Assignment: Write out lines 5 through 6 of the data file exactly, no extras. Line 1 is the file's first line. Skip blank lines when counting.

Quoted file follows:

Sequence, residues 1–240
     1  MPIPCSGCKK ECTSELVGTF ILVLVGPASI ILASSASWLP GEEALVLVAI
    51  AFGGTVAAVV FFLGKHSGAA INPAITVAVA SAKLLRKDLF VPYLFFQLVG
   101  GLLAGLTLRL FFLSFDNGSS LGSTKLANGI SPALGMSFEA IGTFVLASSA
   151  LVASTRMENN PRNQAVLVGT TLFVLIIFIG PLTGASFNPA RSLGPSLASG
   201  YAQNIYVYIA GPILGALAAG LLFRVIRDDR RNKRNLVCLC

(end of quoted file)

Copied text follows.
   151  LVASTRMENN PRNQAVLVGT TLFVLIIFIG PLTGASFNPA RSLGPSLASG
   201  YAQNIYVYIA GPILGALAAG LLFRVIRDDR RNKRNLVCLC